Results from 2020: Netherlands, Germany and Denmark for example

  • The Netherlands scores a very low 4% risk on the indicator Access to the media for minorities. The Frisian minority has its own Frisian-language regional broadcaster: Omrop Fryslân, and the different broadcasting associations and special-task public service broadcasters, NOS and NTR, ensure the representation of social, cultural, and religious diversity. The NPO (national public broadcasting service), in general, also strives for the proportional representation of non-western groups, monitoring its progress since 2010 (Rossini 2020).
  • In the country report for Germany, the risk for media access for minorities is accessed at medium level, whereas the risk of access to community media is at low risk - good indication of the important work that CM is doing for social cohesion!
  • For Denmark, a surprisingly high risk assessment is mainly based on research suggesting that minorities are under-represented in the media, which is particularly pronounced for immigrants. Furthermore, the Danish public service media, DR, has stopped producing news in immigrant languages, such as Arabic and Somali (Borberg 2020). Knowing about Community Media however, we know that in particular immigrants are an integral part of Danish media culture, with Aarhus Global Media ( and others working tirelessly to bring plurality of opinions, languages and perspectives on air.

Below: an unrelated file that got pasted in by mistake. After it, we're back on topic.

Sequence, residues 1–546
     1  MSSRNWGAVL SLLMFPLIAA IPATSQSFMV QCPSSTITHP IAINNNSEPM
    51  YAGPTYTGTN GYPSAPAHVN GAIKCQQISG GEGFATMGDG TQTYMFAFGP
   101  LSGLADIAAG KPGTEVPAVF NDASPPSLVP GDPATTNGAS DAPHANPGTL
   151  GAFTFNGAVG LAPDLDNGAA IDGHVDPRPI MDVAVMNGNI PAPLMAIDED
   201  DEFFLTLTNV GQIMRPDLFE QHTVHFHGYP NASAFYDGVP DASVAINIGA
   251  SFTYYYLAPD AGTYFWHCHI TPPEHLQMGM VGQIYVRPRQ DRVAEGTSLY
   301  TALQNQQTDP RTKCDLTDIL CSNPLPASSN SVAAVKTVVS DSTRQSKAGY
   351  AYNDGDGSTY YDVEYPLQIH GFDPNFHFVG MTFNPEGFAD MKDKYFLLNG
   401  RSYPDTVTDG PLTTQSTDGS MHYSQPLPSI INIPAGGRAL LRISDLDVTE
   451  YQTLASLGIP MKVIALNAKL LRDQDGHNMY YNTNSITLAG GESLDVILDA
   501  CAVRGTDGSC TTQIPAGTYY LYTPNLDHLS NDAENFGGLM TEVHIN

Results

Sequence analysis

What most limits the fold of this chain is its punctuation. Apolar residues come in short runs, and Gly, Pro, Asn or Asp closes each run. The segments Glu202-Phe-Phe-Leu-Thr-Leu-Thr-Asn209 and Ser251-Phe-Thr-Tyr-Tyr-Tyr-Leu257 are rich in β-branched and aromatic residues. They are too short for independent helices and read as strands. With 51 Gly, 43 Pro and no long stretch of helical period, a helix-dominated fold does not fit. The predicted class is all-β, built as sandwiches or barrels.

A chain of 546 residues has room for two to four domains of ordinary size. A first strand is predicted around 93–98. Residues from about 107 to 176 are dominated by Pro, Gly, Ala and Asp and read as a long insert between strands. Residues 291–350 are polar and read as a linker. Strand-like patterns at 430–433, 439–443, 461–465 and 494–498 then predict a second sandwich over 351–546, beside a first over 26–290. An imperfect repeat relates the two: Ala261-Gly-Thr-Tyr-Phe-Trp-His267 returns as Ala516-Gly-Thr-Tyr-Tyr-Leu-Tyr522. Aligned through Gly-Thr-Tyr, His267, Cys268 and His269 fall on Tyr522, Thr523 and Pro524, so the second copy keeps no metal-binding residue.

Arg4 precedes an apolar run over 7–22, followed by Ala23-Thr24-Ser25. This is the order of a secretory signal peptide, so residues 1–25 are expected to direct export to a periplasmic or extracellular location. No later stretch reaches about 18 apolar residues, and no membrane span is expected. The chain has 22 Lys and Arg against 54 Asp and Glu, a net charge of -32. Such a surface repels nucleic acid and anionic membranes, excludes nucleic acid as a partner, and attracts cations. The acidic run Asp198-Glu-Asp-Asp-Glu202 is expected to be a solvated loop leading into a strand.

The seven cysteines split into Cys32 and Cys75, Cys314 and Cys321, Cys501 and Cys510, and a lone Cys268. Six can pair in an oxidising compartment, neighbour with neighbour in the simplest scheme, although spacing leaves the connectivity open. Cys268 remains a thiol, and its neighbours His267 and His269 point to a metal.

All country reports as well as executive summaries and graphics can be found 


Local/National teams of experts are commissioned to collect the data for the report, and most national teams consult additional experts – do find out about your national team and do not hesitate to contribute your knowledge about access to the media!

Action for Cooperation and Change
Multilingual Information in Community Media

Community Media have taken up multilingual information in different circumstances. During earthquakes in New Zealand, it was the CM stations that were in contact with people and informed them in several languages about health and safety related issues (Beatty 2017,

In the spring of 2020, numerous CM have organised their volunteers - Radio LoRa in Switzerland even broadcast on how to broadcast remotely in five languages: (German, English, Italian, Spanish, Turkish)